Allegorical interpretation of the Bible

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Allegorical interpretation of the Bible is an interpretive method (exegesis) that assumes that the Bible has various levels of meaning and tends to focus on the spiritual sense, which includes the allegorical sense, the moral (or tropological) sense, and the anagogical sense) as opposed to the literal sense. It is sometimes referred to as the quadriga, a reference to the Roman chariot that was drawn by four horses.

Allegorical interpretation has its origins in both Greek thought and the rabbinical schools of Judaism. In the Middle Ages, it was used by Bible commentators of Christianity.[1]

Four types

Christian allegorical map of The Journey of Life, or an Accurate Map of the Roads, Counties, Towns &c. in the Ways to Happiness & Misery, 1775

Scriptural interpretation is sometimes referred to as the Quadriga, a reference to the Roman chariot that was pulled by four horses abreast. The four horses are symbolic of the four submethods of Scriptural interpretation:

  • Literal interpretation: explanation of the meaning of events for historical purposes from a neutral perspective by trying to understand the text in the culture and time it was written, and location and language it was composed in. That is, since the 19th century, usually ascertained using the higher critical methods like source criticism and form criticism. In many modern seminaries and universities, the literal meaning is usually focused on to a nearly complete abandonment of the spiritual methods, as is very obvious when comparing commentary from a Douay Rheims or Confraternity or Knox Bible with a New Jerusalem, New RSV or NABRE.[2]
  • Anagogic interpretation: dealing with the future events of Christian history (eschatology) as well as heaven, purgatory, hell, the last judgement, the General Resurrection and second Advent of Christ, etc. (prophecies).[3]
  • Typological interpretation: connecting the events of the Old Testament with the New Testament, particularly drawing allegorical connections between the events of Christ’s life with the stories of the Old Testament. Also, a passage speaks directly to someone such as when Francis of Assisi heard the passage to sell all he had. It can also typologically point to the Blessed Virgin Mary, who is the ark which held the Word of God; Judith, who slew a tyrant is a Marian type; the burning bush, which contains the fire of God but was not consumed, as Mary held the Second Person of the Trinity in her womb but was not burnt up.[4]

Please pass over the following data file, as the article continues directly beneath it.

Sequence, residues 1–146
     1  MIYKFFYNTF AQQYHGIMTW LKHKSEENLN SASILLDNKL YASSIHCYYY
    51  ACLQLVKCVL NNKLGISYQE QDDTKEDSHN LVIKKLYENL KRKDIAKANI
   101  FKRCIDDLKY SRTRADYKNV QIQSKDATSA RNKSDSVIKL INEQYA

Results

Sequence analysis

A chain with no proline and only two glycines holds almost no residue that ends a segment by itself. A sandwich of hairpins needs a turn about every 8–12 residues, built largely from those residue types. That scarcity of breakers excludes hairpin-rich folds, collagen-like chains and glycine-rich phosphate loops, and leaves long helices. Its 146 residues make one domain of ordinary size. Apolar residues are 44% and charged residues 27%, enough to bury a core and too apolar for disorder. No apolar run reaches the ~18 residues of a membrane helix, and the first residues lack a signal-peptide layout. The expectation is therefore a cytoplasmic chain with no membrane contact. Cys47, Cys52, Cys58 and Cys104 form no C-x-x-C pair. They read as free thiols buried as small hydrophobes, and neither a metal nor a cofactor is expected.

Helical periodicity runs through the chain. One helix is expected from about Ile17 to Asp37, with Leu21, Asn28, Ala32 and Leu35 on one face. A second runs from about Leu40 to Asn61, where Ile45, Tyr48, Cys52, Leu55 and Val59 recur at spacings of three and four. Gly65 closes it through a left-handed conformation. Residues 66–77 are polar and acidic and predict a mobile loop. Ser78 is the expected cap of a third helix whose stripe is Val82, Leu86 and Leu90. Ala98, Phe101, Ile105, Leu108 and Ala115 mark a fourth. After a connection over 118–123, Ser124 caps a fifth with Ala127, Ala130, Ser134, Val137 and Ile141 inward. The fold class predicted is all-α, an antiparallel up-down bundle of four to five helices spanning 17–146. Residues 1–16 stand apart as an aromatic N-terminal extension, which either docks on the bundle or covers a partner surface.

• Tropological (or moral) interpretation: "the moral of the story," or how one should act now. Many of Jesus' parables and the Book of Proverbs and other wisdom books are packed with tropological meaning[5]

A Latin rhyme designed to help scholars remember the four interpretations survives from the Middle Ages:

Litera gesta docet, Quid credas allegoria,

Moralis quid agas, Quo tendas anagogia.[6]

The rhyme is roughly translated:

The literal teaches what God and our ancestors did,

The allegory is where our faith and belief is hid,

The moral meaning gives us the rule of daily life,

The anagogy shows us where we end our strife.[6]

Antiquity

Origen, in his Treatise on First Principles, recommends for the Old and New Testaments to be interpreted allegorically at three levels, the "flesh," the "soul," and the "spirit." He claims that many of the events recounted in the Scriptures, if they are interpreted in the literal, or fleshly, sense, Origen claims. Many laws, if they are interpreted literally, are impossible or nonsensical. They must be interpreted allegorically to be understood. Some passages have parts that are literally true and parts that are literally impossible. Then, "the reader must endeavor to grasp the entire meaning, connecting by an intellectual process the account of what is literally impossible with the parts that are not impossible but historically true, these being interpreted allegorically in common with the part which, so far as the letter goes, did not happen at all."[7]